Marché du Film: Artinii launches platform to connect global filmmakers

The first ever Czech start-up presents “Artinii Showcase: Discover a New Tool to Access Community-based Film Audiences” on Thursday 25 June at 5pm (Paris), during the Marché du Film in Cannes.

Artinii is a platform where global filmmakers connect with event organizers without middlemen involved. Filmmakers upload their film to the platform database and receive access to information about licenses purchased, audiences etc. 

When a movie gets uploaded, it is saved to a private offline storage. If an event organizer purchases the license and therefore the movie gets called, its audio and video tracks get inter-layered with multiple invisible/inaudible watermarks, then the movies gets fully encrypted. A private key of the movie is created, and send to the Artinii Cinema Player, that is free to download on our website and is the only medium that can screen the movie. 

The Artinii Cinema Player reads the special key and opens the file. The movie though gets decrypted piece by piece as the screening is going on, making it impossible to copy and store on any device. On top of that it is able to recognize how many screenings have been purchased and rejects to screen over the limit, making illegal repeated screenings impossible.

The Artinii database itself is sorted based on peoples interests instead of genres. Therefore, if a bar owner or a festival planner wants to organize a film event for Female Empowerment or Black Lives Matter, with Artinii, they can find their community and its related films right away.

Ctirad Hemelík and Vít Krajíček are the founders of Artinii. Hemelik explained: ‘I’ve organised countless events, where I screened films, and always tried adding something extra to it and I know people valued it highly. But it was often very difficult to find the right film for the community, to obtain the rights and the film itself. I was sure there has to be some other way’.

‘I understood the business potential right away. I was fortunate enough to put together a team of people, who helped us develop a technological solution, that is simple, secure and fast. No time wasting, no more physical copies of films’, added Krajíček.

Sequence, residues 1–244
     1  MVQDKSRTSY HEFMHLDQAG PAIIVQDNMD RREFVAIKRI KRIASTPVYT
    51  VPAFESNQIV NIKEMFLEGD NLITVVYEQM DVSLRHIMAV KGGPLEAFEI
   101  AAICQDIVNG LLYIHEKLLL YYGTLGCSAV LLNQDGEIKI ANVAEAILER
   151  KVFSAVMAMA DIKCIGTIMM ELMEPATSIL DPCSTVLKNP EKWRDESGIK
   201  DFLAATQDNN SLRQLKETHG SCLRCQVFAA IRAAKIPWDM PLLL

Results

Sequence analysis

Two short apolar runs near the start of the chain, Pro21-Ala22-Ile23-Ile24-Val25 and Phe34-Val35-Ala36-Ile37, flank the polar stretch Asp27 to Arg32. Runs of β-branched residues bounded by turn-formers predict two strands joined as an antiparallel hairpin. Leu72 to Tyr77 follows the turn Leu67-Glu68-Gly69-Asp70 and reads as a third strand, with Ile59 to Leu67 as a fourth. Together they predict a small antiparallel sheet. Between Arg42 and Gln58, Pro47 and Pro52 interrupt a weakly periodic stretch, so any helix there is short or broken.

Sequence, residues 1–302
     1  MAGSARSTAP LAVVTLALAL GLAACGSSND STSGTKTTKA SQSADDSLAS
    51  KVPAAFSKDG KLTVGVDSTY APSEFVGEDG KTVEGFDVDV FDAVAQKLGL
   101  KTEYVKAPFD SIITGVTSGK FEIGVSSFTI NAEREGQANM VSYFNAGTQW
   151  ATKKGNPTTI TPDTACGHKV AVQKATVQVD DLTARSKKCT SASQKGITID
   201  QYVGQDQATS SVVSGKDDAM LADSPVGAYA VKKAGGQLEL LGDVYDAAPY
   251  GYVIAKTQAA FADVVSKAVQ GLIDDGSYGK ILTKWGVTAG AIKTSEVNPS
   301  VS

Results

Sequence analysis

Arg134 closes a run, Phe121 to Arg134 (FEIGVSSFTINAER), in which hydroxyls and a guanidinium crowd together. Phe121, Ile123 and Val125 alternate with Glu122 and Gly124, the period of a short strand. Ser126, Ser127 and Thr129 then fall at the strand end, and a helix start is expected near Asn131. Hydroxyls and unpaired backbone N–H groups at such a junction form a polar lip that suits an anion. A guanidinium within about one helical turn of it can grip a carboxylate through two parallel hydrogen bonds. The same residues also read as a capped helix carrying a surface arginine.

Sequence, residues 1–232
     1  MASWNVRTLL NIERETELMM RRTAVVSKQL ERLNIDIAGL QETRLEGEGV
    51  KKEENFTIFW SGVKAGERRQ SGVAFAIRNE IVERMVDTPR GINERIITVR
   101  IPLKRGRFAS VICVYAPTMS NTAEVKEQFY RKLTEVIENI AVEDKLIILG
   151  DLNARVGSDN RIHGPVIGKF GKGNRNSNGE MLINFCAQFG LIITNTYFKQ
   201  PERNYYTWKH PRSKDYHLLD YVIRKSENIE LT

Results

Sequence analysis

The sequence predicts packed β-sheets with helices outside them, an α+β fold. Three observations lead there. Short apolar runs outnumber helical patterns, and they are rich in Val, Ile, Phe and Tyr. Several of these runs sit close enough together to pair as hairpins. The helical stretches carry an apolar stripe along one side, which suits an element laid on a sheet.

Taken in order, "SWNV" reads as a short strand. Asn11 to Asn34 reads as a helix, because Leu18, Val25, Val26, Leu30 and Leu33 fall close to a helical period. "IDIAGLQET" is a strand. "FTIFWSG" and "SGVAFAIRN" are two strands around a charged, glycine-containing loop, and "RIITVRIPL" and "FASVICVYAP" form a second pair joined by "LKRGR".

‘We gave extra attention to developing a business model, that is fair to filmmakers’, remarked Ctirad and Krajíček completed: ‘We are very happy, that Artinii provides a solution suited especially for the new era. It can be effectively used to deliver films without physical contact, to serve remote places, to serve smaller communities of people as well as larger ones. We have already proven a high interest of brands, businesses and event organisers’.

Artinii has already screened many films. Due to the origin of the company, naturally many of those are Czech, but we see the potential in the whole world. There is a big sports or runners community, just imagine that we are able to bring them a worldwide premiere of a movie about a famous runner, which they will love as running is their passion. 

Artinii is already working on similar projects and Artinii's team has counted over 300 000 runner's communities and is now reaching out to them. Based on the previous experience, the success rate for a community-based screening is around 6-9%, which makes around 20 000 screenings worldwide. With the price of USD 300 - 400 per premiere such as this one the expected revenue is around USD 6 - 8 million. The financial potential of community-based screenings is remarkable, but better is the rejuvenation of the film industry as a whole that Artinii brings.

Artinii is constantly searching for interesting films to be added to the library and expanding globally. Due to its focus on passion-based communities, Artinii is a great opportunity for all sorts of films, which would otherwise suffer from limited distribution.

The newest addition into the film catalogue include Mantra – into the silence, a feature-length documentary that explores the musical and social phenomenon of chant and response meditation; Dancer, Sergei Polunin’s breathtaking ballet talent who questions his existence and his commitment to dance just as he is about to become a legend; the German-Israeli film Cakemaker; the Oscar winning picture The Shop on Main Street; and Viva, a documentary about czech videoart in times of communism. 

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